High-residue conservation-tillage systems, utilizing cover crops like black oat and wheat, could have potential in Georgia corn production, according to a continuing research project.
Research was conducted at Tifton and Plains in 1999 and 2000 comparing surface tillage and deep tillage in three cover crop situations — winter weeds, black oat and wheat. The study is looking at a ripper bedder or in-row subsoiling with a Paratill versus straight no-till.
“We didn't include rye in the study because we wanted to compare one of our favorite cover crops in corn and cotton — wheat — with black oat,” says Dewey Lee, University of Georgia Extension agronomist.
Black oat, says Lee, is used in Brazil as a primary cover crop. It is different from cultivated oats, he adds. “Black oat is a forage-type oat. It's a very poor seed producer, but it does produce a tremendous amount of forage. In this case, we wanted to see how black oat could influence corn. We wanted to know if we could produce enough residue to have an impact on moisture,” he says.
Pioneer 3163 was planted in the studies at 30,000 plants per acre. Phosphorus and potassium was applied according to soil test recommendations and 240 pounds of nitrogen per acre was applied to the corn.
“The first thing we looked at was the type of residue we were able to accumulate in producing a conservation-tillage environment. We saw very similar yields of black oat and wheat at Plains in the first year. Unfortunately, our planting was limited to the first part of December. “But in many growers' environments, that's when they're planting because they don't want too much cover, especially in a cotton/corn rotation. We were able to accomplish more than one ton of residue in Tifton, and that's where we really want to be — at about one ton to 3,000 pounds,” notes Lee.
Significantly more residue
In the Tifton trials, he says, there was significantly more residue from black oat than from wheat. “We get a little better root penetration with black oat. And there's research to suggest that black oats have a greater ability to grow through dense soils than wheat.”
The overall effect of tillage was as expected, he says, with no significant statistical difference between the cover crops of black oat and wheat.
“In our lighter soils, we expect a response to some type of deep tillage, whether we're subsoiling or using a Para-till. In the year 2000, we didn't pick up any additional yield with our no-till environment behind black oats.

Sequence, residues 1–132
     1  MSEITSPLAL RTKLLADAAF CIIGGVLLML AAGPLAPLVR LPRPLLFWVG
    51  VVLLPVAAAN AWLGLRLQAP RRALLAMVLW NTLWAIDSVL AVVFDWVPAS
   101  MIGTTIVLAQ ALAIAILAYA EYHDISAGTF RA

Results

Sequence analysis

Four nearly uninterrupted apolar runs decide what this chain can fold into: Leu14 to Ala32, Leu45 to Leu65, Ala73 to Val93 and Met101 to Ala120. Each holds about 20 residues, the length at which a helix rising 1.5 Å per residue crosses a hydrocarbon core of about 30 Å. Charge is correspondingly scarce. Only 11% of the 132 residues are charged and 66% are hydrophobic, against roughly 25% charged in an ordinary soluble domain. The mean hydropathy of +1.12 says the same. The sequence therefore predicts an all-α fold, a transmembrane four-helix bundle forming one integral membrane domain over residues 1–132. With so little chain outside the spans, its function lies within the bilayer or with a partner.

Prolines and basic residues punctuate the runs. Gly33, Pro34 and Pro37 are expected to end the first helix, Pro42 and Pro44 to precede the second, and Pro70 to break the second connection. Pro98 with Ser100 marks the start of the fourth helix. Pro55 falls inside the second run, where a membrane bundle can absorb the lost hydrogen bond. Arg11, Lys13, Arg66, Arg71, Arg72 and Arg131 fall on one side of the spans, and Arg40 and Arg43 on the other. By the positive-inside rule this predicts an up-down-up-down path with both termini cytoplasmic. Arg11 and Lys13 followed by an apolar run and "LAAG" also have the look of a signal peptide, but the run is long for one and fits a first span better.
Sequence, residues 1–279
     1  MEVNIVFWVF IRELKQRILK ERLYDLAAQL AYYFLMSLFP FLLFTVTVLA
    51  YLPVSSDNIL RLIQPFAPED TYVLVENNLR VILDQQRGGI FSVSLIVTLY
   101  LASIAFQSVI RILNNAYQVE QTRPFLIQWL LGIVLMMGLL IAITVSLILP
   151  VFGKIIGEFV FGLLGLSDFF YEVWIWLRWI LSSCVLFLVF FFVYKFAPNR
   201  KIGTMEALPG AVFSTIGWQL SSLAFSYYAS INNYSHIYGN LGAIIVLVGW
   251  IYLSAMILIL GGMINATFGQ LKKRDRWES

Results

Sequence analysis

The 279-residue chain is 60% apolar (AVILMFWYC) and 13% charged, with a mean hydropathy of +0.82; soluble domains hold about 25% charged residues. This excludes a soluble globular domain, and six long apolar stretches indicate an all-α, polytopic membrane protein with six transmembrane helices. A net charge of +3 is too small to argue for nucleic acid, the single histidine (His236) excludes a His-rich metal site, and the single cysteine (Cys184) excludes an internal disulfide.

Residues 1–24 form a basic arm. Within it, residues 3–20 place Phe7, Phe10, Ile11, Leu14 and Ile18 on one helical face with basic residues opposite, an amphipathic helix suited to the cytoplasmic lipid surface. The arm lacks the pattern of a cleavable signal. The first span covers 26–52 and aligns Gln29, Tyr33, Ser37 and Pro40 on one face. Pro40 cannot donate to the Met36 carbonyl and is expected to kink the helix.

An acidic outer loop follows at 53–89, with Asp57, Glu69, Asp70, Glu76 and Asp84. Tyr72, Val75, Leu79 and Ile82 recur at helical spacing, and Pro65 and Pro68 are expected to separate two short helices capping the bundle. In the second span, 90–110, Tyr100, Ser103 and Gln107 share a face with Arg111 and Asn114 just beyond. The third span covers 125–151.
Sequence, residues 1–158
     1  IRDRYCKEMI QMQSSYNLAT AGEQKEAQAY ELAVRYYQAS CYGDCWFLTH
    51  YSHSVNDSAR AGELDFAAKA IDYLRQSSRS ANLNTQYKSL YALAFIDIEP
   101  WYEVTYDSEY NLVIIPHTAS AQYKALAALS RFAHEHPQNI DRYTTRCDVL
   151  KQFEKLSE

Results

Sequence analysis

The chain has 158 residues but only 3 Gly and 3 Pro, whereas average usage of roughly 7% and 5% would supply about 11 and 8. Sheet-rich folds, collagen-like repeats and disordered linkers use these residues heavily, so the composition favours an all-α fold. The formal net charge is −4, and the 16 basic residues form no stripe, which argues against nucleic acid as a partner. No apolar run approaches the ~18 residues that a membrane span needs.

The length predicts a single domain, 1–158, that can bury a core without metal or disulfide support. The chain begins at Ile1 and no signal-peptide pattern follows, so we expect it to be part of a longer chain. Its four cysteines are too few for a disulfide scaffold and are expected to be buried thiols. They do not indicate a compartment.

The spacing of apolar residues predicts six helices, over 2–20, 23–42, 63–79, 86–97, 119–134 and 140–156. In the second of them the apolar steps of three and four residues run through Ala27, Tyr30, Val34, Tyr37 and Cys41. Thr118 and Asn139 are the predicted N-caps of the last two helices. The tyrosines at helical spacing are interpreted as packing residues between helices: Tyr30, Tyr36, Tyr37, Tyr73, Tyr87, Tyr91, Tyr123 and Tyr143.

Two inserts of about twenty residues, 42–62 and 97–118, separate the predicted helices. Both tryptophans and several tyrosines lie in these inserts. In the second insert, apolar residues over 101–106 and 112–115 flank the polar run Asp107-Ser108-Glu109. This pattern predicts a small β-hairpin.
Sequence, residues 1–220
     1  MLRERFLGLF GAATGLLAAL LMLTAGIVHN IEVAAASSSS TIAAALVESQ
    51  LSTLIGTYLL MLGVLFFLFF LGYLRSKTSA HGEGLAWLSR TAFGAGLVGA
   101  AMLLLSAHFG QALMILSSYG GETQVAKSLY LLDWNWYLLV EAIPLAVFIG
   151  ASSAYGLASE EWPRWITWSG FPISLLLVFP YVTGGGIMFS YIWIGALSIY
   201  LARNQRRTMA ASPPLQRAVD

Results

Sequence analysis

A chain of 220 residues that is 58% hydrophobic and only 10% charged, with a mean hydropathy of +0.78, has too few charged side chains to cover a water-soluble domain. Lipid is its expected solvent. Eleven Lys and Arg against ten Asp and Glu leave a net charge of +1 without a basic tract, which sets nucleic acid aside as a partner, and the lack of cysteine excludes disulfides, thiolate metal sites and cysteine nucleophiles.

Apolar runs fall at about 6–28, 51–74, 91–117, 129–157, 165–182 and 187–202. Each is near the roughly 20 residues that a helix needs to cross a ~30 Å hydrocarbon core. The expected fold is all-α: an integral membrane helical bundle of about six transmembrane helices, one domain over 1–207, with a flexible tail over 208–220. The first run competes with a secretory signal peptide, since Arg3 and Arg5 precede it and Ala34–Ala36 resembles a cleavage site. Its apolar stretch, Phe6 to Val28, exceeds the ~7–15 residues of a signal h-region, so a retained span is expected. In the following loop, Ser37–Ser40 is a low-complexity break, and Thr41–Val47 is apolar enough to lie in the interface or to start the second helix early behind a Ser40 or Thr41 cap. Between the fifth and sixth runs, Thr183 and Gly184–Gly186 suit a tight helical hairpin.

“In no-till production in south Georgia, we've seen problems whenever we disturb the ground and then come back with no-till. The hardpan is easily reconstructed in our lighter soils, aided by winter rainfall.
“We would hope that as roots die and open up those root canals, that we wouldn't see such a rapid reconstruction of the hardpan. But that's exactly what we're seeing in these lighter soils. The soil moves with the water and reconstructs the hardpan.”
Another surprising find of the research, notes Lee, is the effect of surface tillage. “In most of these tests, we were not able to accumulate enough residue in the first two years. We saw a slight response to lightly disking that soil surface and incorporating the black oat, wheat and winter weeds.
“When we look at the amount of nitrogen being taken up, we really haven't seen much difference. We thought we might be picking up some nitrogen with that residue, but that wasn't the case. During the winter, when we get heavy rainfall, there's a slight crusting of the soil when there's not enough residue on the ground, and that might be the reason for our surface tillage response.”
In comparing wheat directly to black oat, there's less residue and less root penetration from a wheat cover, says Lee. “We're seeing a slight trend that tells us black oat is slightly better than wheat and only slightly better than winter weeds. So we'll be looking at black oat even further. This trend also has been seen in previous studies with peanuts and cotton.”
These high-residue and tillage experiments in corn production will continue in Georgia, says Lee. “We need to maintain a cover of 3,000 to 4,000 pounds of residue. You can do this in the second or third year. But when we go to a cotton-corn-cotton rotation, we begin to lose some of the accumulation effect.
“Also, you'll get a response to surface tillage whenever you don't have this type of residue. That somewhat defeats the purpose of a strip-till environment. If you're going to make a commitment to conservation-tillage, do it knowing full well that you may lose a little in the first couple of years until the residue accumulates.
“Carefully adjust your budget to fit that cost. Shifting to minimum-tillage will require better planning and careful attention to stand establishment. As you shift to conservation-tillage, you'll notice a shift in the populations and pressure of certain insects.”